Fantastic Fest: ‘Anna And The Apocalypse’ Is A Whimsical, Blood-Splattered Delight

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Let’s be honest: even if you’re a cynic with a heart of stone (raises hand) how could anyone not be at least a little charmed by a film that’s willfully described as a teen comedy/zombie movie that’s also a musical? It sounds like a rhetorical question, but Saturday night at Fantastic Fest with the world premiere of Anna And The Apocalypse.

Originally based on the short Zombie Musical by Ryan McHenry, who scored viral fame a few years back with his brilliant Vine series Ryan Gosling Won’t Eat His Cereal. After McHenry lost his battle with cancer, his friend and colleague John McPhail took the reigns, turning his idea into a full-length feature film.

Set in small-town Scotland during the holiday season, the film starts as a typical typical teenage melodrama, with a typical teenager, Anna (Ella Hunt), morose over her father’s (Mark Benton) disapproval of the fact that her post-high school plans involve traveling to Australia instead of going to college. Sharing in her adolescent discontent is her best friend John (Malcolm Cunning), who’s plagued with unrequited love for Anna. Rounding out the group is Steph (Sarah Swire), an American ex-pat who’s forced to celebrate Christmas alone while her parents vacation in Mexico.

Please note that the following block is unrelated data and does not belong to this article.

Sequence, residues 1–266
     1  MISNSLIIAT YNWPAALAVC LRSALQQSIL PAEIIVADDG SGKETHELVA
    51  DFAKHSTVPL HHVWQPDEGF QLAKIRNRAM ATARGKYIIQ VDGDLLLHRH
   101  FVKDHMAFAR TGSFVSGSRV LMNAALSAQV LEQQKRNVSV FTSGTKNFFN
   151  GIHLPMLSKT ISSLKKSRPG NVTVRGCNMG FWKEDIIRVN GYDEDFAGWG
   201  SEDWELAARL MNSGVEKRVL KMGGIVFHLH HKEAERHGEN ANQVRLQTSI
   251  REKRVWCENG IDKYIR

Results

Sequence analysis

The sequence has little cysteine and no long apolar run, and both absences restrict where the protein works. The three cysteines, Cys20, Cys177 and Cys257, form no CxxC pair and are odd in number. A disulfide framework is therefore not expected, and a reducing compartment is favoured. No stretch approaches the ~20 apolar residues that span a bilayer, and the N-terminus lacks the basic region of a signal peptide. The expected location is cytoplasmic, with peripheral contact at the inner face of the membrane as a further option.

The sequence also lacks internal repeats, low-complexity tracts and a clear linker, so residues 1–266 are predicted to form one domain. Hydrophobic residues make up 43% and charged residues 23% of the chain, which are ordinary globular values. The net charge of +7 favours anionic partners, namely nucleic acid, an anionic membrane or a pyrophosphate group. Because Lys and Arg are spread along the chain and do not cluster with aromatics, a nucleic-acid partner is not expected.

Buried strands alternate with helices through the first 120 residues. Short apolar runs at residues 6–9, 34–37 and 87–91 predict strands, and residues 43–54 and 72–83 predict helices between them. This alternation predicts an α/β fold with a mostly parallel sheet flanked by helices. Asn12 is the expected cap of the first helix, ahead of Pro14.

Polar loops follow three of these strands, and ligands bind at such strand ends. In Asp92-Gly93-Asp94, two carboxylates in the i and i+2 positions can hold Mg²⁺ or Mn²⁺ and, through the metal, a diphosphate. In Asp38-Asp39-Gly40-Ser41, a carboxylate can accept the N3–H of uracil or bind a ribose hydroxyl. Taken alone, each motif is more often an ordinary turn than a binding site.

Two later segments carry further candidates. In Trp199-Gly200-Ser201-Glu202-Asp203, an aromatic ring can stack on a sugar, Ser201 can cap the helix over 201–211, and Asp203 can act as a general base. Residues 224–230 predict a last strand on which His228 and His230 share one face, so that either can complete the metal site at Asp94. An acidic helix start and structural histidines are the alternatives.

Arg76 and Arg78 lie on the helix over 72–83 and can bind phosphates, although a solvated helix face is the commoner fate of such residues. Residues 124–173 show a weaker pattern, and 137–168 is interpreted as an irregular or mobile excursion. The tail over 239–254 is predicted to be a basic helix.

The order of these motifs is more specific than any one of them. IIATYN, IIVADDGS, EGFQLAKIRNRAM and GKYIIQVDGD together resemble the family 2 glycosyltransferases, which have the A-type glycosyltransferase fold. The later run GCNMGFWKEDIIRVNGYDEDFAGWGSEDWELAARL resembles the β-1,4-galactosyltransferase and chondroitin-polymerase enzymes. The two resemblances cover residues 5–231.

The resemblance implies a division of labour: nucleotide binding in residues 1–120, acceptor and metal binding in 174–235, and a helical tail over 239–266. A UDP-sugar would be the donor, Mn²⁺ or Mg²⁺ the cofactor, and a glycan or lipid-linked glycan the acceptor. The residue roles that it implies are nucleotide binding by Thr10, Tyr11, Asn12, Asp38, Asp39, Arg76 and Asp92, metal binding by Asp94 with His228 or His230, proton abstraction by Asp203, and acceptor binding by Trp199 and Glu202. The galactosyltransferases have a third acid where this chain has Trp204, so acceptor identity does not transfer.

It’s all the earmarks of standard teen cinema fodder, but this time punctuated with the characters breaking into song and dance numbers to express their melancholy woes. Then, through ominous background chatter, it turns out that so many people have been falling ill with an undefined disease that it even throwing the school’s big holiday show into disarray. But the stress the schedule changes put┬ásupreme villain/headmaster-to-be Mr. Savage (Paul Kaye) is paled when a full-blown zombie outbreak occurs.

Separated from their friends, Anna and her crew have to make it back to their school to learn the (increasingly likely) grim fate of everyone they know. They also break into occasional song, narrating their arduous, and sometimes deadly, trek across town.

A delightfully bizarre genre-bending experiment that manages to not pitfall in its own concept by giving the audience genuine characters, grounded choreography (courtesy of co-star Sarah Swire), and really catchy songs that manage to stick in your head after the credits roll. And, like any good comedy featuring zombies, there are a couple loving nods to Edgar Wright’s Shaun Of The Dead sprinkled throughout.

It’s a wonderfully joyous ride, with its only real flaw being that there’s a span of time around two-thirds through that could’ve used more song-and-dance numbers.┬áRegardless, Anna And The Apocalypse will take its rightful place alongside both Gremlins and Die Hard for essential viewing during every holiday season from here on.

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